Amman, Jordan Report of what it's like to live there - 05/05/15
Personal Experiences from Amman, Jordan
1. Was this post your first expatriate experience? If not, what other cities have you lived in as an expat?
No. Milan and Taipei
2. What is your home city/country? How long is the trip to post from there, with what connections? How easy/difficult is it to travel to this city/country?
Salt Lake City. It takes 24-29 hours to get home, depending on layovers. We usually fly Amman>Paris>Salt Lake. We have also flown through Frankfurt and Vienna with a layover on the east coast of the U.S.
3. How long have you lived here?
4. What brought you to this city (e.g. diplomatic mission, business, NGO, teaching, retirement, etc.)?
Housing, Groceries & Food:
1. What is your housing like? What are typical housing sizes, locations, and commute times for expatriates?
Most embassy families live near the Embassy. Most are in large apartments with a few in duplexes. Ground-floor apartments have small yards. Housing is decent.
2. How would you describe the availability and cost of groceries and household supplies relative to your home country?
Amman has wonderful grocery stores. Cozmo is our favorite. American products are pricy--but available. Amman also has great family-run produce stands. Meat can be pricy. Some grocery stores deliver for free.
3. What household or grocery items do you wish you had shipped to post?
I'm picky about hair supplies and makeup, so I stock up when in the U.S. Otherwise, we get pretty much everything on the local market or through the DPO from Amazon.
4. What typical restaurants, food delivery services, and/or takeout options are popular among expatriates?
Why would you eat American fast food when you can eat fantastic Arab food? But if you have to: McDonald's, Subway, Chilis, Fridays, Burger King, Popeyes, KFC, PF Changs, Pappa Murphys, Pizza Hut. There is ok Thai and Indian. But seriously, stick with the local Arab food! Our favorite Arab restaurants are Hashems, The Great Amman and Levant. Burger Shack makes good American burgers--though way overpriced. Also, most food is available for delivery through ifood.jo.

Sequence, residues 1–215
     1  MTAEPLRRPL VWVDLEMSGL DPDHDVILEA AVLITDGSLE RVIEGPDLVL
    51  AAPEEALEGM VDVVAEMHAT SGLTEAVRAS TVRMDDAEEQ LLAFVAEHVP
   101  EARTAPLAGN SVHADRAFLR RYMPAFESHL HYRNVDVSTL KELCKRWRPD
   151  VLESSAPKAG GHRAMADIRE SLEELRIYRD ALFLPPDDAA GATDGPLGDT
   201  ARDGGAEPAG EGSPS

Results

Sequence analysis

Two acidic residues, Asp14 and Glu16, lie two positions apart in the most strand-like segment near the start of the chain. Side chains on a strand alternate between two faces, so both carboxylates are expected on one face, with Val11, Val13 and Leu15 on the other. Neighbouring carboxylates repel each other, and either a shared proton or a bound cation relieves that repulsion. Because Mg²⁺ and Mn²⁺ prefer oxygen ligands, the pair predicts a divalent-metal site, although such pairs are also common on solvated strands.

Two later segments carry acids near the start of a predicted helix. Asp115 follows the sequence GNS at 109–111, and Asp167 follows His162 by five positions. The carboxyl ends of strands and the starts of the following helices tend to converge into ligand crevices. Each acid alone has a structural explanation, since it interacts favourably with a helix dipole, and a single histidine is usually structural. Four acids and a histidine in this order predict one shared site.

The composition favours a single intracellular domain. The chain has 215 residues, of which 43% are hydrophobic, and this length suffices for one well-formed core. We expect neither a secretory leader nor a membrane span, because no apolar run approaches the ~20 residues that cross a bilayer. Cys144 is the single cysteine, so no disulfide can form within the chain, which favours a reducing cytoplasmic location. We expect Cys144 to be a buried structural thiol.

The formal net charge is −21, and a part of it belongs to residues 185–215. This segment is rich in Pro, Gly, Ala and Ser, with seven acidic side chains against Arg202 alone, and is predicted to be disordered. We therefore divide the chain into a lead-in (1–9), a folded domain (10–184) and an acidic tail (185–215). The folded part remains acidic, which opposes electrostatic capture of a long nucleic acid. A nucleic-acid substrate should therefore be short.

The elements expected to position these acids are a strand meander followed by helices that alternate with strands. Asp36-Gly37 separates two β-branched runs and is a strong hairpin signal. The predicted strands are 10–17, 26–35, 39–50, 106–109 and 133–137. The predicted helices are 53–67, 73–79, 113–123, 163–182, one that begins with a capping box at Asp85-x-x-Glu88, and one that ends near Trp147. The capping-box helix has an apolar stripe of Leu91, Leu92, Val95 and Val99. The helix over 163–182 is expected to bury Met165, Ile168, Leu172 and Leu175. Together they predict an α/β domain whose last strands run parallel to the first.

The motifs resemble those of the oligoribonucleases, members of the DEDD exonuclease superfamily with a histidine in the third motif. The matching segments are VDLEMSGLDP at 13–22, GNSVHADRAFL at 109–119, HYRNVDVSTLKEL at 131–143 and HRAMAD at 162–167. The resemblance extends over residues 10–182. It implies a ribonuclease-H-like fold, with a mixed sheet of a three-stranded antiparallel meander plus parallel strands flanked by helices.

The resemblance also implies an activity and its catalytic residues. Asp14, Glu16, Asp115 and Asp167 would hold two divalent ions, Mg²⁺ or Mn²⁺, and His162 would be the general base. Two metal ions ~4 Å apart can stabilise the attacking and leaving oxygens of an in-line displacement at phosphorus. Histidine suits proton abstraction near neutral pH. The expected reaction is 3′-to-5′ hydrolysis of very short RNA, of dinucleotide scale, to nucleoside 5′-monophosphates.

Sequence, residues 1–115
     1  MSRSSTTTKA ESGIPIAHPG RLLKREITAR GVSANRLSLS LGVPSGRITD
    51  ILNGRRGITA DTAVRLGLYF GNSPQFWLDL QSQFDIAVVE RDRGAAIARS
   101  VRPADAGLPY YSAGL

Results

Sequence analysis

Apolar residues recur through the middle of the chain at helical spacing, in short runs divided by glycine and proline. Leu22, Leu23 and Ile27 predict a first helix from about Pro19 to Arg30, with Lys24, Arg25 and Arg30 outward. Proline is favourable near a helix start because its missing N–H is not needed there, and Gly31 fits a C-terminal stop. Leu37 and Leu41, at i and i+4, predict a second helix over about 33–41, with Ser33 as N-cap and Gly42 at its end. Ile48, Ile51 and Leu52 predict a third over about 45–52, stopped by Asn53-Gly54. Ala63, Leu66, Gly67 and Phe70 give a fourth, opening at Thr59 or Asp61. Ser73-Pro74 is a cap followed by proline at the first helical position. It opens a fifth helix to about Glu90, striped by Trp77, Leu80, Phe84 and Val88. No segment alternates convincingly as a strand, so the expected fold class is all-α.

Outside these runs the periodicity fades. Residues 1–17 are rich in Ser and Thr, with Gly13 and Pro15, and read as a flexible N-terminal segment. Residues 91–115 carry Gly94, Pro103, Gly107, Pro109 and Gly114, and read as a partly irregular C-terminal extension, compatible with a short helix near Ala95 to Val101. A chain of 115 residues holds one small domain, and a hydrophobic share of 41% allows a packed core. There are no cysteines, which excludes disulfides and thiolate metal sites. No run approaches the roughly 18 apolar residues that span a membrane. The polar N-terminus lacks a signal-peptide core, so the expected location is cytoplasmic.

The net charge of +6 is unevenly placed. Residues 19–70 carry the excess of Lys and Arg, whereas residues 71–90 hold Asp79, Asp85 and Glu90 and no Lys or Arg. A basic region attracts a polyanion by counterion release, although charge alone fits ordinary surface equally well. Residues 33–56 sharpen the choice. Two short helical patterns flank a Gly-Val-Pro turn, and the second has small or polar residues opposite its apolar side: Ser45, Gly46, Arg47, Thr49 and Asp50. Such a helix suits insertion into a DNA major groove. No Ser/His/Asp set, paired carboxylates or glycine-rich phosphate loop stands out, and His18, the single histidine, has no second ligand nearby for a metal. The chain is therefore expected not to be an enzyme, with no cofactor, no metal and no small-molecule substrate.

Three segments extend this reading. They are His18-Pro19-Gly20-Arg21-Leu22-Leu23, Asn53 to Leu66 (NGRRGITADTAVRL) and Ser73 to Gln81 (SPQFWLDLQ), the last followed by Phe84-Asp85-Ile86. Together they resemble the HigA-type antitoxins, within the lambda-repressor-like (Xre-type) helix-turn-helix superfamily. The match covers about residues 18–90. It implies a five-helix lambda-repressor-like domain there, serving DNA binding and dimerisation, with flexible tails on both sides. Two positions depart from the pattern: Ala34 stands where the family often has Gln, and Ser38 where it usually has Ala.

5. Are there any unusual problems with insects or other infestations in housing?
We occasionally have ant problems in our kitchen. Otherwise, bugs aren't a big problem.
1. How do you send and receive your letters and package mail? Are local postal facilities adequate?
DPO and pouch are available through the embassy. There is no local mail service.
2. What is the availability and cost of household help, and what types of help are typically employed by expatriates?
We have a Sri Lankan helper who comes 2x per week and we pay 20jd for 4 hours work. It's pretty reasonable. Also, be aware that if you are in an apartment, you will have a building caretaker that you will be required to pay monthly. This ranges from 30-120jd per month; but is completely negotiable between you and him.
3. Are credit cards widely accepted and safe to use locally? Are ATMs common and do you recommend using them? Are they safe to use?
Credit cards are widely used at grocery stores, large restaurants and malls. Use cash in produce stands and bread stores.
4. What English-language religious services are available locally?
Catholic, Mormon, Protestant.
5. How much of the local language do you need for daily living? Are local language classes/tutors available and affordable?
Jordanians speak surprisingly good English. You can get by with a few Arab pleasantries. But knowing Arabic will help when you leave Amman.
6. Would someone with physical disabilities have difficulties living in this city?
The sidewalks in Amman are terrible. When there are sidewalks, most are impassable because of large trees and bushes planted in the middle of them. Many of the sidewalks are crumbling and poorly maintained.
1. Are local buses, trams, trains or taxis safe and affordable?
Public transportation is limited to taxis. We were warned not to have females ride alone in taxis. I have ridden alone in them a few times, without any problems. Our teenage sons take them all the time, with no problems. Be warned that most taxi drivers smoke--even with no smoking stickers on their windshields. There is a limited bus service in Amman, but we are advised not to use it. Jett Bus is available and safe for trips to Petra.
2. What kind of car do you recommend bringing to post, given the terrain, availability of parts, burglary/carjacking risks, etc.? What kind of car do you advise not to bring?
Many people drive SUVs, but they're not necessary. You will see cars of all sizes on the roads--compact to full-sized pickup trucks. We drive an American mini-van which has been fine. I haven't heard of any carjackings or break-ins.
Phone & Internet:
1. Is high-speed home Internet access available? How long does it typically take to install it after arrival?
Internet is available with embassy plans through Zain and Orange. It can be spotty and slow and the Jordan caps the Internet. Zain is putting in fiber throughout most of West Amman. This should make Internet better.
2. Do you have any recommendations regarding mobile phones? Did you keep your home-country plan or use a local provider?